Proceedings: GI 1999

Halftoning with Image-Based Dither Screens

Oleg Veryovka , John Buchanan

Proceedings of Graphics Interface '99: Kingston, Ontario, Canada, 2 - 4 June 1999, 167-174

DOI 10.20380/GI1999.22

  • BibTeXex

    @inproceedings{VerBuch-gi99,
     title = {Halftoning with Image-Based Dither Screens},
     author = {Oleg Veryovka and John Buchanan},
     booktitle = {Proceedings of the Graphics Interface 1999 Conference, June 2-4, 1999, Kingston, Ontario, Canada},
     year = {1999},
     month = {June},
     pages = {167--174},
     url = {http://graphicsinterface.org/wp-content/uploads/gi1999-22.pdf}
    }
    

Abstract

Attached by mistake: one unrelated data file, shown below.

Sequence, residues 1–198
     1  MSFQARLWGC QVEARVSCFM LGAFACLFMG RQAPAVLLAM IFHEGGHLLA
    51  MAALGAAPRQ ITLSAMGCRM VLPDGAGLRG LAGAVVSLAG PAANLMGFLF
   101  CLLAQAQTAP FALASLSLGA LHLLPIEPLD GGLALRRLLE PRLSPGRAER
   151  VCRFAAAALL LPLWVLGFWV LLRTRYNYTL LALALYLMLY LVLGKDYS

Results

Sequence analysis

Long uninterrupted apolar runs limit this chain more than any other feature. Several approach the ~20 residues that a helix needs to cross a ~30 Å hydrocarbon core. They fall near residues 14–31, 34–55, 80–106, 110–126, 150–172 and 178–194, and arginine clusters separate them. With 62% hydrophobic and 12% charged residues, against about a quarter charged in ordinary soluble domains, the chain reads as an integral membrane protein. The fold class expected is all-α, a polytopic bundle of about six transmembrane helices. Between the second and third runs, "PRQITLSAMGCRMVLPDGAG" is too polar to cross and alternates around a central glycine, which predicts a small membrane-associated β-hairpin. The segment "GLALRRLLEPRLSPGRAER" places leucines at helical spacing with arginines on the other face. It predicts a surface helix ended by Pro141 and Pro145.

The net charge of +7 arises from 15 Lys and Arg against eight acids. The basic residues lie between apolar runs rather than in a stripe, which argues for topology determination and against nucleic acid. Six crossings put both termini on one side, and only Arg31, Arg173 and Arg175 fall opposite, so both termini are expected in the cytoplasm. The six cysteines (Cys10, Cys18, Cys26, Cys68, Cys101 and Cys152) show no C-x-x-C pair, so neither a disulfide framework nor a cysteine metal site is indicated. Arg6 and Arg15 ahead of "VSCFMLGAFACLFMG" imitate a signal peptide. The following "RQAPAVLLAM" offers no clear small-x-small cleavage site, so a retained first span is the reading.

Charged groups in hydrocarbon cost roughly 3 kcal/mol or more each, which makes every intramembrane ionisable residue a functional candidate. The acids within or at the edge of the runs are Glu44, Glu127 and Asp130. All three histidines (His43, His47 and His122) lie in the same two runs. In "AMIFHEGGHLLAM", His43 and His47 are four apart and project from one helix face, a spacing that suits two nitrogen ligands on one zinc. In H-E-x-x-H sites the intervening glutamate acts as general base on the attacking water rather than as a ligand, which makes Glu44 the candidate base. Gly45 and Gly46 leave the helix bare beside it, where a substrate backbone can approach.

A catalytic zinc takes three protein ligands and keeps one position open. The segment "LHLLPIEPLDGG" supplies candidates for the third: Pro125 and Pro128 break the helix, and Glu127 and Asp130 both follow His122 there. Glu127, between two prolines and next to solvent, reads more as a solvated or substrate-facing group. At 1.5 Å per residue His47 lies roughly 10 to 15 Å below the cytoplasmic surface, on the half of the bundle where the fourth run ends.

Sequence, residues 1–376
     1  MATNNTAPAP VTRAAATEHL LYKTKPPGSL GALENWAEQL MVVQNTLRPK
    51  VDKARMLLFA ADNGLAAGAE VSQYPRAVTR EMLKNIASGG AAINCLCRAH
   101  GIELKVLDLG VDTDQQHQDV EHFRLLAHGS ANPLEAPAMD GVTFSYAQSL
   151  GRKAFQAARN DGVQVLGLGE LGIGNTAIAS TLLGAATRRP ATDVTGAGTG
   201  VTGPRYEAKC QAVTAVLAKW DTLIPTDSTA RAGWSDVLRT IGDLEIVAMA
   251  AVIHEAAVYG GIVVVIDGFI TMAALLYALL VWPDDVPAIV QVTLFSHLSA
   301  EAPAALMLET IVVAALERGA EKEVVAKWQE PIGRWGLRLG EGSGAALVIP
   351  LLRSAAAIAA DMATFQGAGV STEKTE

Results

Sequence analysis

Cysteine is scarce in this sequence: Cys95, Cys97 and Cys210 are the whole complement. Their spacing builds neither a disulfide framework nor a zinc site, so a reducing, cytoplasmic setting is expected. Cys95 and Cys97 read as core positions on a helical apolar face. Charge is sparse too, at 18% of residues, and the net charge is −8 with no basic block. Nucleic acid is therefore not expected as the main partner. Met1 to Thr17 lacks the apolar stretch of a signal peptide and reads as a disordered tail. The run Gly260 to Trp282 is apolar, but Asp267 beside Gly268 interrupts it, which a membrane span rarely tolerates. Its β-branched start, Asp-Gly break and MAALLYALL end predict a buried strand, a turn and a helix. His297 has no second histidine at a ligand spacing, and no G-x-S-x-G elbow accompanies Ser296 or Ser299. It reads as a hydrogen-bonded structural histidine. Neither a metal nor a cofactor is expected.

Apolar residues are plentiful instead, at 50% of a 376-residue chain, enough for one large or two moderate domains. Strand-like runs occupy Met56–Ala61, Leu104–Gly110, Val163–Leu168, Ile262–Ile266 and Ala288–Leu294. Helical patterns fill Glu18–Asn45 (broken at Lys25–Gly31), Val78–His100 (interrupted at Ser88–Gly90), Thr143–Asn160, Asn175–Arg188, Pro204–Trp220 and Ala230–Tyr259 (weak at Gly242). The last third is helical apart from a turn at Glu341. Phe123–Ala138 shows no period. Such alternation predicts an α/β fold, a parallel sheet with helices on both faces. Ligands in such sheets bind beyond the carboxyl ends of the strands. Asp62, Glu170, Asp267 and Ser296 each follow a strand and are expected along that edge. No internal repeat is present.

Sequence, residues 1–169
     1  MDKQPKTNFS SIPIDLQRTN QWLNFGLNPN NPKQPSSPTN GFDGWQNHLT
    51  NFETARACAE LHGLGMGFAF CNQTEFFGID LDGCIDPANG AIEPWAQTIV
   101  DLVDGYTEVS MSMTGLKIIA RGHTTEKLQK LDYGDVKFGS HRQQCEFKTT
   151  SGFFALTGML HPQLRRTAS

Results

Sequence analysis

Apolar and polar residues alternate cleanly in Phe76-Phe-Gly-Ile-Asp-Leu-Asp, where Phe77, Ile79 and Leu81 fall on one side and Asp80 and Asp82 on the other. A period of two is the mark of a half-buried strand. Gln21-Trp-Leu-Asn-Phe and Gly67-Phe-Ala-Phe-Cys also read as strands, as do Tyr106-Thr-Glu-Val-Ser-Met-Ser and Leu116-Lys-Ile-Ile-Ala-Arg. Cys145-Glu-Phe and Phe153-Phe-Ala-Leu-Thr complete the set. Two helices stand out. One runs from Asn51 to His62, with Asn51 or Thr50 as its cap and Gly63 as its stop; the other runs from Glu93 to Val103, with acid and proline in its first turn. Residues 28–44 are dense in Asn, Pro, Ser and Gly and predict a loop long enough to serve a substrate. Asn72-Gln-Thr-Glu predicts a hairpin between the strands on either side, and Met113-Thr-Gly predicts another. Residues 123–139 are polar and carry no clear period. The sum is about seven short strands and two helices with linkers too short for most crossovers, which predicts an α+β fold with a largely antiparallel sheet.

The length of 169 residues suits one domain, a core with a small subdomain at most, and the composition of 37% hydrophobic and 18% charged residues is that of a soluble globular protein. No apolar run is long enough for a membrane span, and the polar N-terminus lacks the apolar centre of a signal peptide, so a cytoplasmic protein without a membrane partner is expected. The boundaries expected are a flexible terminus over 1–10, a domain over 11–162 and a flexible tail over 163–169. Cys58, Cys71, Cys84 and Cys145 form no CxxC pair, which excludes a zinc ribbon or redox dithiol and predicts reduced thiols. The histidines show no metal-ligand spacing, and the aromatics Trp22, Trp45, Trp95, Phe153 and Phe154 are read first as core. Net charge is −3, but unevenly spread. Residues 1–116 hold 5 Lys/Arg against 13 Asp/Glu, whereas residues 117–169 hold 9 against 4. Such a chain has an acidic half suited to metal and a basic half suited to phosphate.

Continuous tone images must be halftoned to be displayed on binary output devices such as printers. The ordered dither algorithm is a popular approach to halftoning. This algorithm uses a threshold matrix to approximate gray scale values. The arrangement of thresholds in the matrix determines texture artifacts introduced into the halftoned image. Thus, the challenge of research in ordered dithering is to find a matrix that results in the least visible texture artifacts. In this work we control the halftoning texture by generating a threshold matrix from an arbitrary image. We demonstrate that processing images using adaptive histogram equalization results in pixel distributions similar to traditional dither screens. Ordered dithering with the resulting threshold matrix enables us to define texture in the halftoned image. We control the appearance of this texture by a combination of the ordered dither algorithm with an error diffusion process. We present applications of the image-based dither screens to both photorealistic and artistic rendering. In the case of photorealistic tone reproduction this technique preserves textures and edges of the original image. The ability to define an arbitrary texture enables us to introduce a variety of artistic effects. A halftoned image can be embossed with another image, texture, or text. Also, halftoning with textures clipped from the existing art works approximates the look of traditional illustration media.